Short bio: Computer Scientist, FOSS supporter (read more)
Tux Machines (TM)-specific
CentOS, a derivative of Red Hat Enterprise Linux, was started back in 2002 with its first beta versions appearing in 2003. CentOS is designed to be a high end server OS that runs on a wide variety of different architectures, including x86, Intel IA-64 (Itanium 64-bit), x86-64, PowerPC/32, IBM Mainframe, Alpha, and SPARC. Given all this versatility, and its roots as a server OS, some may be lead to ask the question, “Does it make a good desktop distribution?” We’re about to find out.
CentOS can be downloaded as either a cd or dvd install disk, the latter of which you’ll need to acquire via bittorrent. Of the two, the dvd is the better way to install CentOS and it’s the version I used for this review. The only real difference is that the dvd provides you with a list of packages you can install directly off the DVD rather than having to go through the Yum installer to grab them off the internet when you’re first installing the OS. Initial bootup and install of the OS was amazingly simple.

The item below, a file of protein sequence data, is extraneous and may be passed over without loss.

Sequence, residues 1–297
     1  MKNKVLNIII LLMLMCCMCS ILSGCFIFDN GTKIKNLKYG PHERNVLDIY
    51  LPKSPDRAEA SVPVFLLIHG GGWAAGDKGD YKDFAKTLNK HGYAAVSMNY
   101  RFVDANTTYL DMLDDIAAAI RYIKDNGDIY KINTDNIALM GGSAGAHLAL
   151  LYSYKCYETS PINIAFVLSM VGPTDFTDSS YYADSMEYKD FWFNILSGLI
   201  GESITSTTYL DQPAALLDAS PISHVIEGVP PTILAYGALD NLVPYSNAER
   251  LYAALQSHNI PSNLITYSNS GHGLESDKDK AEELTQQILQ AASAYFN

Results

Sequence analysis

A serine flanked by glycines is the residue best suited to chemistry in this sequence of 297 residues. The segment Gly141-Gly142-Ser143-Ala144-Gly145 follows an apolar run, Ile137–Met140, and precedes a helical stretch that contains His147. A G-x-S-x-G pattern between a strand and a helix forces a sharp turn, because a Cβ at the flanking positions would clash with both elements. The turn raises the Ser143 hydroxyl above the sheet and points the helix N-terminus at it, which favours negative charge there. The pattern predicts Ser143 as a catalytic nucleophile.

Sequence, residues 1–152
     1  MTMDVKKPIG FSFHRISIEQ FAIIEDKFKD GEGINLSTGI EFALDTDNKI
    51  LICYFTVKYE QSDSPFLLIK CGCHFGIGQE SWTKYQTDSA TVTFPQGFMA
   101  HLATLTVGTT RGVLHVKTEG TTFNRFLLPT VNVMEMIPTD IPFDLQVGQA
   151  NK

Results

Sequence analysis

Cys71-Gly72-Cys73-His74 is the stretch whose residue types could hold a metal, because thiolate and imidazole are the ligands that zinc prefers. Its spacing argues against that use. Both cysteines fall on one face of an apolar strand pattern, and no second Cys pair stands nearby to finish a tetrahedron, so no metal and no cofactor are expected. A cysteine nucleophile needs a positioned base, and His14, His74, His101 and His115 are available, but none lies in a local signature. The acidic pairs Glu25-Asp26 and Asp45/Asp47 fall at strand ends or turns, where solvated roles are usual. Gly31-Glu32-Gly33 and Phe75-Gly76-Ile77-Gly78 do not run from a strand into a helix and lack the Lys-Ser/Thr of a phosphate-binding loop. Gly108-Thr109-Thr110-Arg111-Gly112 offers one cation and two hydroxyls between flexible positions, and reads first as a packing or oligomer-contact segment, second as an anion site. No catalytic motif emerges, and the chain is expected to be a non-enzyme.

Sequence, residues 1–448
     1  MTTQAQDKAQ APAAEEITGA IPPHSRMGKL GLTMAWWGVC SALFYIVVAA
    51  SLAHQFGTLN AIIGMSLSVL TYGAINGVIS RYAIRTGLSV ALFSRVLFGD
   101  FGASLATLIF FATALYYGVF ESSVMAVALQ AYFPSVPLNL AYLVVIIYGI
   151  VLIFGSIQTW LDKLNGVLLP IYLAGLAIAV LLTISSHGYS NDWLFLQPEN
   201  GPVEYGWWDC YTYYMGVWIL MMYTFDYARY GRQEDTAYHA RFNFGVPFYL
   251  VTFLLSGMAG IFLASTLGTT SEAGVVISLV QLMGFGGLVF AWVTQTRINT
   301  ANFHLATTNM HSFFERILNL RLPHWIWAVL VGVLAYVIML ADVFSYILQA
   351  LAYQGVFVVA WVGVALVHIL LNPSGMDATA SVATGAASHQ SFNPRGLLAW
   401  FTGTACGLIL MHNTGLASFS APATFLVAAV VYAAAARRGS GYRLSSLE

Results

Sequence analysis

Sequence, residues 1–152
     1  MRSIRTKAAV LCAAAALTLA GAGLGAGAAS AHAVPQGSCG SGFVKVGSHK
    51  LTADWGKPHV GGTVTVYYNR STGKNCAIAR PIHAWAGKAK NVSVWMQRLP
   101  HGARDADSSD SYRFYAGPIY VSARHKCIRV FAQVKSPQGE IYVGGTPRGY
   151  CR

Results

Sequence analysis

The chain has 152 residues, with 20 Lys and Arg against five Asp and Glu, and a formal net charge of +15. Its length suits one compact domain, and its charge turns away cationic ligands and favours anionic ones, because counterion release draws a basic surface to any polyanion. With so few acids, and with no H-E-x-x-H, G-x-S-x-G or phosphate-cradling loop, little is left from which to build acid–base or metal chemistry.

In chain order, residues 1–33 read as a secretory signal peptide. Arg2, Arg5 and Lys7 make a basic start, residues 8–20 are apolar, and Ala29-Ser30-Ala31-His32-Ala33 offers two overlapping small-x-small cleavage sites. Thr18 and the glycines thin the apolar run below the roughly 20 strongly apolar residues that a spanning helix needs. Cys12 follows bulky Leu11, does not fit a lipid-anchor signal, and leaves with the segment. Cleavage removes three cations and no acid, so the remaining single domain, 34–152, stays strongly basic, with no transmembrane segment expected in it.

While CentOS doesn’t have a “live cd” from which to install the OS, as some other distributions do, it still boots into a windowed install environment that allows you to see if CentOS will work for you.